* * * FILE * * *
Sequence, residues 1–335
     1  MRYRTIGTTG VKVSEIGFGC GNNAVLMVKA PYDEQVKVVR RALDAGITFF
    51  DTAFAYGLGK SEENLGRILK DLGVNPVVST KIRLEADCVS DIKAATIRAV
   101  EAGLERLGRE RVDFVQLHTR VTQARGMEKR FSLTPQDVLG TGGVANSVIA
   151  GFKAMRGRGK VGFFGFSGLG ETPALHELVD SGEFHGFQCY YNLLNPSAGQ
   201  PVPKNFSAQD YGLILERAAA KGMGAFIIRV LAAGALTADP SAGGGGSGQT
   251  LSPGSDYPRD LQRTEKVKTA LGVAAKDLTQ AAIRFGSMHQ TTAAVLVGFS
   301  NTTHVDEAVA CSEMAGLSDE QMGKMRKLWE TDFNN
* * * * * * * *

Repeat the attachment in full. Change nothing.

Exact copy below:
Sequence, residues 1–335
     1  MRYRTIGTTG VKVSEIGFGC GNNAVLMVKA PYDEQVKVVR RALDAGITFF
    51  DTAFAYGLGK SEENLGRILK DLGVNPVVST KIRLEADCVS DIKAATIRAV
   101  EAGLERLGRE RVDFVQLHTR VTQARGMEKR FSLTPQDVLG TGGVANSVIA
   151  GFKAMRGRGK VGFFGFSGLG ETPALHELVD SGEFHGFQCY YNLLNPSAGQ
   201  PVPKNFSAQD YGLILERAAA KGMGAFIIRV LAAGALTADP SAGGGGSGQT
   251  LSPGSDYPRD LQRTEKVKTA LGVAAKDLTQ AAIRFGSMHQ TTAAVLVGFS
   301  NTTHVDEAVA CSEMAGLSDE QMGKMRKLWE TDFNN